Remember the satirical “Billionaires for Bush” protesters? Around this time in 2008 I asked them to become Oligarchs for Obama, and they refused. But I predict Tycoons for Trump will be born this month. Inequality, like war and climate destruction, has its face now.
Chuck Collins’ book, Born on Third Base: A One Percenter Makes the Case for Tackling Inequality, Bringing Wealth Home, and Committing to the Common Good, presents the problem of inequality as well as any I’ve seen. Collins was born into wealth, gave it away, but still refers to himself as one of the wealthy, perhaps because of all the lasting privileges wealth brought him. Collins sites other examples, as well, of the wealthy putting their wealth to better use than hoarding.
Collins explains how a lot of philanthropy is, however, counterproductive, benefitting those least in need of it. He argues for a popular movement to create progressive taxation and progressive restraints on income. But he also makes a case for appealing to one percenters for solidarity, rather than demonizing them — apparently because this has proven to work better but also because it’s too late for anything else. Wealth has been so concentrated that without defections at the top it will never be truly shared again.
Collins also makes the best case I’ve seen for reparations. Donald Trump’s money, Collins writes, came from his father, who sold homes to white people who could only buy them because of government subsidized mortgages. Trump’s father also got military contracts to build houses for sailors. What Collins calls the Greatest Subsidized Generation (post World War II) — or at least the white portion of it — benefitted widely from subsidized mortgages and insurance, free college, and grants and loans from the Small Business Administration. Imagining that the racism of the day, rather than these willfully forgotten government programs, made America “great” (for some) is nonsensical.
Collins makes the case that the median wealth of white households is 13 times that of blacks in large part because of massive privileges handed to whites over the decades, including not so many years ago. And now the United States is becoming a caste society with extremely low economic mobility, and those castes parallel racial divides created by the benefits of government created wealth.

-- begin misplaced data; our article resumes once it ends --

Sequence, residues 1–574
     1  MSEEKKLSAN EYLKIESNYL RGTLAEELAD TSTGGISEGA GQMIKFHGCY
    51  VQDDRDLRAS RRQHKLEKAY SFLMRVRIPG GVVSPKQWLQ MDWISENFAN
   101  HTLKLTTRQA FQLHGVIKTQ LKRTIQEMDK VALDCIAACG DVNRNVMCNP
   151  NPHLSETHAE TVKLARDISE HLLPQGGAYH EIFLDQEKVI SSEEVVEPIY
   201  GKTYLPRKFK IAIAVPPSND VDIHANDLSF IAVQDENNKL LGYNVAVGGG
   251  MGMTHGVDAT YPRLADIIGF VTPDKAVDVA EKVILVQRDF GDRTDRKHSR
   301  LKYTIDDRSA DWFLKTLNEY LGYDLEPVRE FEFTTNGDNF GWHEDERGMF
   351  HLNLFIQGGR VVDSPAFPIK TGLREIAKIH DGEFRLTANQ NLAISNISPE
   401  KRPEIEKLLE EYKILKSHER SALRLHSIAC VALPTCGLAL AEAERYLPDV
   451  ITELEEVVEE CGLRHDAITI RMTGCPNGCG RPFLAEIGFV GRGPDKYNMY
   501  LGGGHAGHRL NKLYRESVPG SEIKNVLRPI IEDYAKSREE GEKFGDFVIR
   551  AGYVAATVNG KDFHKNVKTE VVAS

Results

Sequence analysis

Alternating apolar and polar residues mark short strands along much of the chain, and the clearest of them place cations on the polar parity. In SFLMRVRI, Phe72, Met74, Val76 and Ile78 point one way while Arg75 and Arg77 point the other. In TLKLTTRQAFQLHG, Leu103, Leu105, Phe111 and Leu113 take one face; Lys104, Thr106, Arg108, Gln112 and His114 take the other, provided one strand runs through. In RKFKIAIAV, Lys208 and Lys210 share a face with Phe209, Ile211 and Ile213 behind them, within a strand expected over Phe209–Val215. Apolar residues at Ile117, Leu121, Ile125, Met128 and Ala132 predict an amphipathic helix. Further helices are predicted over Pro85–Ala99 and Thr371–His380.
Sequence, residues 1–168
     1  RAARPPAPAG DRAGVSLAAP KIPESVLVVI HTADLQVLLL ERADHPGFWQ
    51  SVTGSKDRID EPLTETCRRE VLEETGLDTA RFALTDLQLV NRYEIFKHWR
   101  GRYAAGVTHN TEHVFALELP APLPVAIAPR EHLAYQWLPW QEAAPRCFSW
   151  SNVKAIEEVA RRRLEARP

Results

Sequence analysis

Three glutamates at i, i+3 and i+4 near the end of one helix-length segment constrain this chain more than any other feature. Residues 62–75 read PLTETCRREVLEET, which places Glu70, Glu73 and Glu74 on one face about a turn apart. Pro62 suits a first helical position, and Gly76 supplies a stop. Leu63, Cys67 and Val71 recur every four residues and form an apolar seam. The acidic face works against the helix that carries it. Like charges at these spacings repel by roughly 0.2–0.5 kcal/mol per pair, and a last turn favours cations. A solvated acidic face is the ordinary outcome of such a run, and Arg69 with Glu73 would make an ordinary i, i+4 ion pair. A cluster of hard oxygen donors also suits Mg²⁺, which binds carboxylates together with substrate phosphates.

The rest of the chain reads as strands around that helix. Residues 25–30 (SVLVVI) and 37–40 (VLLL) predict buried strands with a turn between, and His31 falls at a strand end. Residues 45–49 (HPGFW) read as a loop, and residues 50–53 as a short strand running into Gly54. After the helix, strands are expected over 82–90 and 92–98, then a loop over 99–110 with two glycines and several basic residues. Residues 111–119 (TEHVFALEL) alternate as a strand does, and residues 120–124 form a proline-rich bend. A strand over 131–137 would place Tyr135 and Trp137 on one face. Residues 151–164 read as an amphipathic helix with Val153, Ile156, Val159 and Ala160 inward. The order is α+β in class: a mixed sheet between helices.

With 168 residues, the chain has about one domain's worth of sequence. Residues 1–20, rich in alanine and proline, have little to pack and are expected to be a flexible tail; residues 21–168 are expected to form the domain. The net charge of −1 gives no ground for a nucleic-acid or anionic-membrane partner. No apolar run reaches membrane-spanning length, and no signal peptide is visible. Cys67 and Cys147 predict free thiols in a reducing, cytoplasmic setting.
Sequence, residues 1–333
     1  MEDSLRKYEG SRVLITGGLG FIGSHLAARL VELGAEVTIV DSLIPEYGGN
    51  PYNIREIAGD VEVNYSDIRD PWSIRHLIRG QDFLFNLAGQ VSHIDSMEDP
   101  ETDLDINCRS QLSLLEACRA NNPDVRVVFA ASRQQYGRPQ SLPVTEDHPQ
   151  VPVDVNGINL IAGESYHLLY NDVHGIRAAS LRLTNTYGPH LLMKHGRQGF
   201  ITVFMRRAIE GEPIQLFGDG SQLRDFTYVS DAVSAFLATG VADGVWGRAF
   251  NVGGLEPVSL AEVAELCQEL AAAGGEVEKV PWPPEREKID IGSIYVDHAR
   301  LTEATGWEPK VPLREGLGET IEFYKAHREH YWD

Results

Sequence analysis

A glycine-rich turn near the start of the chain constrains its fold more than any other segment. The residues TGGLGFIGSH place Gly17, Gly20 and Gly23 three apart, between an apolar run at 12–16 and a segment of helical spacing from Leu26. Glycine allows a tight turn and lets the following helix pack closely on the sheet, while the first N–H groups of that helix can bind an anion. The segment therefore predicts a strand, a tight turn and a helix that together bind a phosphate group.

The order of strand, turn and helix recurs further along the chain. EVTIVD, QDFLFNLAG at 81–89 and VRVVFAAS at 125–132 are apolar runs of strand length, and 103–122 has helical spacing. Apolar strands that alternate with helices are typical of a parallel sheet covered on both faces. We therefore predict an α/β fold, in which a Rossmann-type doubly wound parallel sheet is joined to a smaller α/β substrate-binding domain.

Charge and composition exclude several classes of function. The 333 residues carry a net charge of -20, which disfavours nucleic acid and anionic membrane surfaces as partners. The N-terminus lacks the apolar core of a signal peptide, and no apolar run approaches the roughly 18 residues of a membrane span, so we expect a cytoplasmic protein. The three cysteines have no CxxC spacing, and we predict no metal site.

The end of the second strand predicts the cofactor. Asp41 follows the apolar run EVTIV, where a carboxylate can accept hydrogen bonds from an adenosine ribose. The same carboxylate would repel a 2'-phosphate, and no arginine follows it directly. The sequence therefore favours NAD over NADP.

Collins paints a powerful portrait of how a wealthy childhood gives a person a permanent advantage. And he conveys the radically different, more convenient, more worry-free lives of those in the United States with great wealth. He later comes around to noting that many of those advantages are widely enjoyed in Europe. Collins argues that the wealthy are not fundamentally different from the rest of us, but his facts suggest that in fact they are. And the book’s foreword by Morris Pearl suggests to me a perspective I find it difficult to relate to. Pearl writes:
“I read about the Occupy movement in Zuccotti Park in the newspaper from the comfort of my Park Avenue apartment. When I have wanted to complain about something to President Obama, I have arranged to do it face-to-face.”
This suggests that there have been days on which Pearl did not want to complain about anything. Of course I can imagine meeting with Obama, but I can’t imagine only occasionally wanting to.
I also have a hard time relating to the phenomenon of the Missing Military as it exists in Collins’ and virtually every other liberal book published in the United States. Collins laments that $200 billion per year may be lost to the super wealthy hiding their wealth in tax havens. Collins never mentions the $1 trillion per year wasted on the murderous enterprise of militarism. In his to-do list at the end of the book, he has no mention of opposing militarism, but one of his items for us to do is to pay our taxes (because of all the good that supposedly comes of doing so).
There are some things, Martin Luther King Jr. said, to which we should not wish to become well adjusted. I include in that list all discussions of U.S. economics that erase the military.